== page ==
Expat eye | Don’t turn around: brave new Romania mustn’t backslide

Newsroom 20/09/2019 | 08:44

With her home country mired in self-inflicted chaos, BR’s resident British expat reflects on the progress being made in Romania and worries about recent reversals.

By Debbie Stowe

While I was packing for my move to Romania in 2002, my mum brought me two cans of Heinz soup – in case I couldn’t “find anything to eat there”. Although I was touched by the concerned maternal gesture, I declined the offer, on the basis that as Romania had a population of about 20 million, presumably those people must be eating something and therefore food was available.

My parents had travelled a lot in Eastern Europe in the 1970s, and seen various conditions. They’d been followed in Russia, passed through police states, been offered cash for their clothes, as such items were not available locally – but always been fortunate enough to return to the liberty, prosperity and plenty of the UK. Oppressive political regimes, threats to democracy, shortages of basic goods, difficulty in going about one’s daily business; it reads like a list of bygone predicaments, or afflictions facing countries deep in the developing world – not a characterization of today’s United Kingdom. Or rather, Disunited Kingdom. But here we are. Even before the Brexit humiliation, the main thing I loved about Romania was that the country was moving in the right direction. Yes, the UK was objectively the “better” society – stronger institutions, more functional infrastructure, more diverse retail, gastronomic and cultural scenes, more developed public services and so on. But unlike the UK, whose “glory days” were long gone (again, even before Brexit), Romania seemed to be looking forward to its best times. 

Of course, with my Parliament prorogued, a scoundrel as my PM and my country on the brink, I’m more grateful than ever to have found a home in Bucharest. But even here, there is evidence of backsliding amid all the recent encouraging steps forward.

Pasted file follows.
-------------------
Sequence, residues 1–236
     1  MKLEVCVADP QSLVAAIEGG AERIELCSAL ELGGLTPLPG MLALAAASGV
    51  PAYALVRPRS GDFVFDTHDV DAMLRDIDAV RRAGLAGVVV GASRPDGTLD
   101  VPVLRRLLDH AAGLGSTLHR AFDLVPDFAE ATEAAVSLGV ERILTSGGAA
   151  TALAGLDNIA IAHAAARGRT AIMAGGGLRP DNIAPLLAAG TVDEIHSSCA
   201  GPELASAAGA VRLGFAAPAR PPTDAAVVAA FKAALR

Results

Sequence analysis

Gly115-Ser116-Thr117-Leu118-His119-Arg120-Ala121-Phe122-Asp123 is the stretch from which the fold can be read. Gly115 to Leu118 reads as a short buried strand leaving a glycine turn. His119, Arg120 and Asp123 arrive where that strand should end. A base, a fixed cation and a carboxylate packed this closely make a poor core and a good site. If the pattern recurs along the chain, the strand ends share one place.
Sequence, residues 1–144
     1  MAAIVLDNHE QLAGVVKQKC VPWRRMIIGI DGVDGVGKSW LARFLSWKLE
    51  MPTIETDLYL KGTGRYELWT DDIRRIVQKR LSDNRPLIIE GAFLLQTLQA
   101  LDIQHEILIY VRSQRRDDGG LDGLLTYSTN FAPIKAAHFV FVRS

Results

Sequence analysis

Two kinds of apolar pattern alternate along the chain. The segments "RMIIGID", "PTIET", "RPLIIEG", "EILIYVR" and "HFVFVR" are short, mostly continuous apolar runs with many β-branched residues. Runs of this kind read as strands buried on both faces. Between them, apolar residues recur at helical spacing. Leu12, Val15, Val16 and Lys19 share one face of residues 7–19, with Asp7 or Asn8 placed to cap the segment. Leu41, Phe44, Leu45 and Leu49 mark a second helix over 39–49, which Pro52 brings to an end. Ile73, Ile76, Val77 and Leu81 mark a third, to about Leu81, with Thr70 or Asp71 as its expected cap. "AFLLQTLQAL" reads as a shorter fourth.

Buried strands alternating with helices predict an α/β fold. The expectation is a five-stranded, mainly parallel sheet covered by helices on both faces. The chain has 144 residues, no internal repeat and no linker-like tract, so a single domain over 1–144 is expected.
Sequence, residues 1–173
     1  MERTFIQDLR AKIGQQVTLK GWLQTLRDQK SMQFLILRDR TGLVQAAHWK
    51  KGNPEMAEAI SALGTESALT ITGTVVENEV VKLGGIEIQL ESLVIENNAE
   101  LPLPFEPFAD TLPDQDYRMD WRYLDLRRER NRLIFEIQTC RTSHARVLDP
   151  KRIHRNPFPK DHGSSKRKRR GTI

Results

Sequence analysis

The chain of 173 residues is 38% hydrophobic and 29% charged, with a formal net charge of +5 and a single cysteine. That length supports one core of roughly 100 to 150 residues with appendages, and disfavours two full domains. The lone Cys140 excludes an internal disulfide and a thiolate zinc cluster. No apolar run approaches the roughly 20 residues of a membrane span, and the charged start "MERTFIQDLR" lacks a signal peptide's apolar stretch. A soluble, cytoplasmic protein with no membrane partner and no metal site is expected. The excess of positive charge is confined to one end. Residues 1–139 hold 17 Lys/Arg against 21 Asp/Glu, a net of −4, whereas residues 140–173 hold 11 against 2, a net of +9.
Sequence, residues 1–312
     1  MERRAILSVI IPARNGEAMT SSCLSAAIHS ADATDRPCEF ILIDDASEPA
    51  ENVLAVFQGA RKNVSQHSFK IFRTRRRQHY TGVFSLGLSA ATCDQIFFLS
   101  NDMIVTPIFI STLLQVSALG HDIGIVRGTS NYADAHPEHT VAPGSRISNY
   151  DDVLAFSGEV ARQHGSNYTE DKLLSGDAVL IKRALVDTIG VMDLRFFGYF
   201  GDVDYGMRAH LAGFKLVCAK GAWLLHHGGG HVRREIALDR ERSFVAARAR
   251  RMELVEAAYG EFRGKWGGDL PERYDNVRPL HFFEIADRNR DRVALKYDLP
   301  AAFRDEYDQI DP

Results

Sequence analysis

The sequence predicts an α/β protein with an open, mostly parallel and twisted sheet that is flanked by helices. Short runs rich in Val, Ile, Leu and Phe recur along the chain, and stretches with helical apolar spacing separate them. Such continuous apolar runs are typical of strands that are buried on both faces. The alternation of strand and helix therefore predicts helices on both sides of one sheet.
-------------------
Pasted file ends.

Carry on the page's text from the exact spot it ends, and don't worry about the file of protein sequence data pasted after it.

The civil unrest in Turkey in 2013 erupted over the urban development plan for Istanbul’s Taksim Gezi Park. I understand it: parks, the places where we play with our children, stroll with our lovers, walk our dogs, catch up with friends over a drink, jog, cycle, play football, breathe fresh air, are vital for our psyches, especially in places where few have their own gardens, like Bucharest.

I’m glad that couldn’t happen to my local park, I remember thinking, confident that Cismigiu was too historical, too central, too close to City Hall to fall under the developer’s bulldozer. Wrong. Now EUR 10 million of “improvements” are planned, which apparently include concreting over large swathes of grass. Bucharest’s lively – and constantly busy – civil society has naturally risen up, to protect the century-old gardens.

A little further up the river, Glendale Cinema – a charming, independently-run movie theater open for more than two decades – closed its doors in May, the premises having effectively been seized by the authorities of Sector 1 under a new law, despite almost 2,500 fans signing a petition against the closure. Describing itself as a cinema and art café, your ticket included tea, and viewers were given an empty paper bag which could be filled and refilled from the popcorn machine in a little room off the main cinema hall. It was wonderfully quirky and great value – a change from the identikit, comfortable-but-soulless multiplexes that now proliferate.

Amid Romania’s recent scandals – murder in Caracal, the Colectiv nightclub fire, watered-down disinfectant in hospitals – the slight disfigurement of a park and closure of a cinema are not the most serious. Nobody will die. But they are examples of how authorities can abusively, and for arbitrary reasons, make our lives a little duller, a little poorer, a little less colorful and interesting. Since I first stepped off a plane in Bucharest, soupless, 17 years ago, I would say 90 percent of the changes I’ve seen have been positive. More varied gastronomic options, better service, greater efficiency, the smoking ban, EU integration, stronger anti-corruption efforts, faster internet – all have made life here easier and more enjoyable. True, prices have shot up – an inevitable consequence of opening up Western labor markets. And some of the quirkiness has been lost – I can no longer laugh about my local shop being called “Angst” or a wedding dress boutique being called “Mistake”. But, overall, Romania is on the up. I hope it doesn’t reverse course back to the bad old days, like my home country is inexplicably trying to do.

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